This article will center on “What is food safety and why is it important?”.
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The first question is “What is Food Safety”?
What is Food Safety
Food Safety in simplified terms refers to handling, preparing and storing food in the best way to reduce the risk individuals becoming sick from foodborne illnesses.
Food safety is a global concern that covers a variety of different areas of everyday life. The principles of food safety aim to prevent food from becoming contaminated and causing food poisoning. This is achieved through a variety of different avenues, some of which are:
- Properly cleaning and sanitizing all surfaces, equipment and utensils.
- Maintaining a high level of personal hygiene, especially hand-washing.
- Storing, chilling and heating food correctly with regards to temperature, environment and equipment.
- Implementing effective pest control
- Comprehending food allergies, food poisoning and food intolerance.
Regardless of why you are handling food, whether as part of your job or cooking at home, it is essential to always apply the proper food safety principles. A number of potential food hazards exist in a food handling environment, many of which carry with them serious consequences.
According to the latest OzFoodNet annual report, Monitoring the Incidence and Cause of Diseases Potentially Transmitted by Food in Australia, 5.4 million cases of foodborne illness occur annually in Australia, many of which are preventable. The cost of these illnesses is estimated at a staggering AUD $1.2 billion.
Key facts about food safety according to WHO
- Access to sufficient amounts of safe and nutritious food is key to sustaining life and promoting good health.
- Unsafe food containing harmful bacteria, viruses, parasites or chemical substances, causes more than 200 diseases – ranging from diarrhoea to cancers.
- An estimated 600 million – almost 1 in 10 people in the world – fall ill after eating contaminated food and 420 000 die every year, resulting in the loss of 33 million healthy life years (DALYs).
- US$110 billion is lost each year in productivity and medical expenses resulting from unsafe food in low- and middle-income countries.
- Children under 5 years of age carry 40% of the foodborne disease burden, with 125 000 deaths every year.
- Diarrhoeal diseases are the most common illnesses resulting from the consumption of contaminated food, causing 550 million people to fall ill and 230 000 deaths every year.
- Food safety, nutrition and food security are inextricably linked. Unsafe food creates a vicious cycle of disease and malnutrition, particularly affecting infants, young children, elderly and the sick.
- Foodborne diseases impede socioeconomic development by straining health care systems, and harming national economies, tourism and trade.
- Food supply chains now cross multiple national borders. Good collaboration between governments, producers and consumers helps ensure food safety.
Major foodborne illnesses and causes
Foodborne illnesses are usually infectious or toxic in nature and caused by bacteria, viruses, parasites or chemical substances entering the body through contaminated food or water. Foodborne pathogens can cause severe diarrhoea or debilitating infections including meningitis.
Chemical contamination can lead to acute poisoning or long-term diseases, such as cancer. Foodborne diseases may lead to long-lasting disability and death. Examples of unsafe food include uncooked foods of animal origin, fruits and vegetables contaminated with faeces, and raw shellfish containing marine biotoxins.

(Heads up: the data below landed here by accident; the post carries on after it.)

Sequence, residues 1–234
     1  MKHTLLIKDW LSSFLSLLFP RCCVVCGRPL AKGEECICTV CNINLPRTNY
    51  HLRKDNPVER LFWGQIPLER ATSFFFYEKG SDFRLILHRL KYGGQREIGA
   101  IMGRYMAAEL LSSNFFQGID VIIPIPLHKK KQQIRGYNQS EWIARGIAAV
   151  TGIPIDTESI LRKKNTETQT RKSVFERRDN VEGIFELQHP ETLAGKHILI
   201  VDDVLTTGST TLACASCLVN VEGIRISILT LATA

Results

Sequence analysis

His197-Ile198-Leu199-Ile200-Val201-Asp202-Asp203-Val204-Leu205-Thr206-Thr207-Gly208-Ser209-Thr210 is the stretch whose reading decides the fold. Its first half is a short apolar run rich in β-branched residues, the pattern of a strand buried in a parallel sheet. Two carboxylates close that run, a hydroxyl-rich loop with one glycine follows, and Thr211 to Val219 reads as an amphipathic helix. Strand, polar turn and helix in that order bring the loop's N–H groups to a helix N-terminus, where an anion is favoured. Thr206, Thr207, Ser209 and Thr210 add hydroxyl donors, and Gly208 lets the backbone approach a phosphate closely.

- Salmonella, Campylobacter, and Enterohaemorrhagic Escherichia coli are among the most common foodborne pathogens that affect millions of people annually – sometimes with severe and fatal outcomes. Symptoms are fever, headache, nausea, vomiting, abdominal pain and diarrhoea. Examples of foods involved in outbreaks of salmonellosis are eggs, poultry and other products of animal origin. Foodborne cases with Campylobacter are mainly caused by raw milk, raw or undercooked poultry and drinking water. Enterohaemorrhagic Escherichia coli is associated with unpasteurized milk, undercooked meat and fresh fruits and vegetables.
- Listeria infection leads to miscarriage in pregnant women or death of newborn babies. Although disease occurrence is relatively low, listeria’s severe and sometimes fatal health consequences, particularly among infants, children and the elderly, count them among the most serious foodborne infections. Listeria is found in unpasteurised dairy products and various ready-to-eat foods and can grow at refrigeration temperatures.
- Vibrio cholerae infects people through contaminated water or food. Symptoms include abdominal pain, vomiting and profuse watery diarrhoea, which may lead to severe dehydration and possibly death. Rice, vegetables, millet gruel and various types of seafood have been implicated in cholera outbreaks.
Antimicrobials, such as antibiotics, are essential to treat infections caused by bacteria. However, their overuse and misuse in veterinary and human medicine has been linked to the emergence and spread of resistant bacteria, rendering the treatment of infectious diseases ineffective in animals and humans. Resistant bacteria enter the food chain through the animals (e.g. Salmonella through chickens). Antimicrobial resistance is one of the main threats to modern medicine.
Norovirus infections are characterized by nausea, explosive vomiting, watery diarrhoea and abdominal pain. Hepatitis A virus can cause long-lasting liver disease and spreads typically through raw or undercooked seafood or contaminated raw produce. Infected food handlers are often the source of food contamination.